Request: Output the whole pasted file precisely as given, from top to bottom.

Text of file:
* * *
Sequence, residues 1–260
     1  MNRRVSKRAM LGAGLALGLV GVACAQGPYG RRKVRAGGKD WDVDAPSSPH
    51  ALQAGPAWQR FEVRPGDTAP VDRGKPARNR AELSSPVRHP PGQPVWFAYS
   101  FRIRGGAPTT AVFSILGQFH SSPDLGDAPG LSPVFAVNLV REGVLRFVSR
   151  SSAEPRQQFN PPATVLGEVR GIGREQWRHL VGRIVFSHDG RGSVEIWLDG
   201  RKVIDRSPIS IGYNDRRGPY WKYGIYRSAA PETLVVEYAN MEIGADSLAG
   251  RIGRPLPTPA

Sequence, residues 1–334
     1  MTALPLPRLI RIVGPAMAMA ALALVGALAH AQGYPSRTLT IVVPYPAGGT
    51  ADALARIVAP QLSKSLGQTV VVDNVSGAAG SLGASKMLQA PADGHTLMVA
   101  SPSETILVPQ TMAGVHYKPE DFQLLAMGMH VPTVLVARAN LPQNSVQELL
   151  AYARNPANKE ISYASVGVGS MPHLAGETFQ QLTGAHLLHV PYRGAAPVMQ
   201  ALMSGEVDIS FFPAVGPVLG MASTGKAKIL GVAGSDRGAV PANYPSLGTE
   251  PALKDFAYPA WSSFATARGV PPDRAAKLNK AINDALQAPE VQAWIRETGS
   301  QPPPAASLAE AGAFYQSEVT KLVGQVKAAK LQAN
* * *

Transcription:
Sequence, residues 1–260
     1  MNRRVSKRAM LGAGLALGLV GVACAQGPYG RRKVRAGGKD WDVDAPSSPH
    51  ALQAGPAWQR FEVRPGDTAP VDRGKPARNR AELSSPVRHP PGQPVWFAYS
   101  FRIRGGAPTT AVFSILGQFH SSPDLGDAPG LSPVFAVNLV REGVLRFVSR
   151  SSAEPRQQFN PPATVLGEVR GIGREQWRHL VGRIVFSHDG RGSVEIWLDG
   201  RKVIDRSPIS IGYNDRRGPY WKYGIYRSAA PETLVVEYAN MEIGADSLAG
   251  RIGRPLPTPA

Sequence, residues 1–334
     1  MTALPLPRLI RIVGPAMAMA ALALVGALAH AQGYPSRTLT IVVPYPAGGT
    51  ADALARIVAP QLSKSLGQTV VVDNVSGAAG SLGASKMLQA PADGHTLMVA
   101  SPSETILVPQ TMAGVHYKPE DFQLLAMGMH VPTVLVARAN LPQNSVQELL
   151  AYARNPANKE ISYASVGVGS MPHLAGETFQ QLTGAHLLHV PYRGAAPVMQ
   201  ALMSGEVDIS FFPAVGPVLG MASTGKAKIL GVAGSDRGAV PANYPSLGTE
   251  PALKDFAYPA WSSFATARGV PPDRAAKLNK AINDALQAPE VQAWIRETGS
   301  QPPPAASLAE AGAFYQSEVT KLVGQVKAAK LQAN